8. thanks everyone for the advice! i've now decided to steer clear of that 2nd hand pair (the collimation was dreadful, totally unusable as they were). I'll probably go with the Celestrons. I know I would get even better quality if i spent more money, but i'll only be using them for a bit of observing when my 200p is busy with imaging, so i can live with that. thanks again for the help, been very useful (as always)
  9. yeah field of view is apparently only 2 degrees on those, not great. plus, the apparent field of view seemed tiny. might just go for the celestrons then. cheers for the quick reply
  10. Hi all, just after a bit of bino buying advice. I've decided I want to get myself a pair of 80mm (or similar) binoculars, but I can't quite decide which ones (my budget is around £100). I've been looking at the Celestron Skymaster 20x80s which, judging by the reviews, seems like one of the best pairs for the money. However, I've recently spotted a 2nd hand pair of Opticron 30x80s (the ones without the balance bar, now discontinued) on sale. I've had a look at them, and they need a bit of collimation work, but they originally cost around the £300 mark, more than twice the current asking price. So, do you think the latter pair would be that much better than the new celestrons, since they cost considerably more when they were new? If anyone has any experience with the Opticrons, i would love to know your thoughts. kind regards, Harry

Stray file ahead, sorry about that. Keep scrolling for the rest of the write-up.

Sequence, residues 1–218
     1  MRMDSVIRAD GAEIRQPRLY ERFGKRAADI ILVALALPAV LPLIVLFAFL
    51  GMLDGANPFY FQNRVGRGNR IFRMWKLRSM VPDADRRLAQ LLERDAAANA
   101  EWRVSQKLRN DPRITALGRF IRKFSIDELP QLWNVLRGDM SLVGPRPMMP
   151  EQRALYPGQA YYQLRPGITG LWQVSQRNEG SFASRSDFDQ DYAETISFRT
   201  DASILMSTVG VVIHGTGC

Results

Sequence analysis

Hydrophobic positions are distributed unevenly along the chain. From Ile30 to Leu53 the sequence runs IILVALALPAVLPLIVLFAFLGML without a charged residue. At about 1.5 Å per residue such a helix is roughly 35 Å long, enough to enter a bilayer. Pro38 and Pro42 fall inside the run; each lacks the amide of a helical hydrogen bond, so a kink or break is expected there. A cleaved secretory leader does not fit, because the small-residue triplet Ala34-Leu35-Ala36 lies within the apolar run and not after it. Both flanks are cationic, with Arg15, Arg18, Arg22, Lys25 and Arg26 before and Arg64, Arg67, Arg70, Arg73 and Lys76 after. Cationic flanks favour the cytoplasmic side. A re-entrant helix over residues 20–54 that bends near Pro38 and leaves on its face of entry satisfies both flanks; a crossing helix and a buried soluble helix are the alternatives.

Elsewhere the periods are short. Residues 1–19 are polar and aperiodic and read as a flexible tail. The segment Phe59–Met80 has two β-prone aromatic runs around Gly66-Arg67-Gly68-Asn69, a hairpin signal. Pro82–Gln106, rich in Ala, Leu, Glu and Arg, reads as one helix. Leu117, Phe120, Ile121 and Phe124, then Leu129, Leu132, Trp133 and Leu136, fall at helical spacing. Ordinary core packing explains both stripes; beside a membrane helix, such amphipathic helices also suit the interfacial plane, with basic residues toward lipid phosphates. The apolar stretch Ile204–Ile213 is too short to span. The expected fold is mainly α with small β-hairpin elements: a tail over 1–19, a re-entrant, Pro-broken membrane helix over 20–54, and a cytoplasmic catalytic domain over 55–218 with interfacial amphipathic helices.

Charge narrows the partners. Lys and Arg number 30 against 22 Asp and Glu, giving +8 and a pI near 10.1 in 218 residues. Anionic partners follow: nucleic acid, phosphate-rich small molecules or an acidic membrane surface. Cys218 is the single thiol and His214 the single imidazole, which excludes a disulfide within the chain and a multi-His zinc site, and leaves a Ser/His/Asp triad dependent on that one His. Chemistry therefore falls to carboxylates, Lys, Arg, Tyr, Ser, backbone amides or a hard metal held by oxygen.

11. yeah could be. Ive always got similarly mediocre results with Jupiter too really. no fine detail, just blurr :/
  12. hi all, just wondering if anyone could give me some advice on a bit of planetary imaging. So, I was out observing last night and I spent some time getting some AVIs of Mars with my 200p, using my Philips spc900nc webcam. I've since run them through rexistax, and this is the best I can get. I was using a (tracking) skywatcher 200p, and had the webcam through an Antares 3X barlow. I recorded at 60fps for about four minutes, so got about 13,000 frames, and i stacked the best 25% of frames (and pushed the wavelets up a little). I've seen far better results with similar equipment, so am i doing something wrong, or is this all I can expect from my set up? PS: i spent some time getting good focus on a bright star with a bahtinov mask, so i don't think its the focus.
  13. thanks Steve! saturation worked a treat. Now to do the same for my other photos :L. cheers for the help
  14. thanks for the quick replies guys I am shooting in raw, but its only a 5 minute exposure of 20 subs stacked in deep sky stacker, with no post processing. All i did was tweak the curve in DSS a little. Here's a single jpeg frame i took whilst lining up the shot, i think its about 15 seconds exposure. (again, I've had to crop it a lot to reduce the file size enough).
  15. Hi all, just wondering if anyone can give me some advice on how to get more colour in my deep sky objects. Attached is an image i took last night of M27 (stacked in DSS); 20 15 second subs at ISO 800, with darks, with a canon 1100D on a 200p (unguided). The individual JPEG test shots i took didn't show as much detail, but there were vivid reds are greeny-blues visible in the nebula, but none in the stacked image. Do i just need to do longer exposures of, say, 20 minutes? any help would be much appreciated Harry KIlmartin PS: I've had to crop the image down quite a bit to reduce the file size.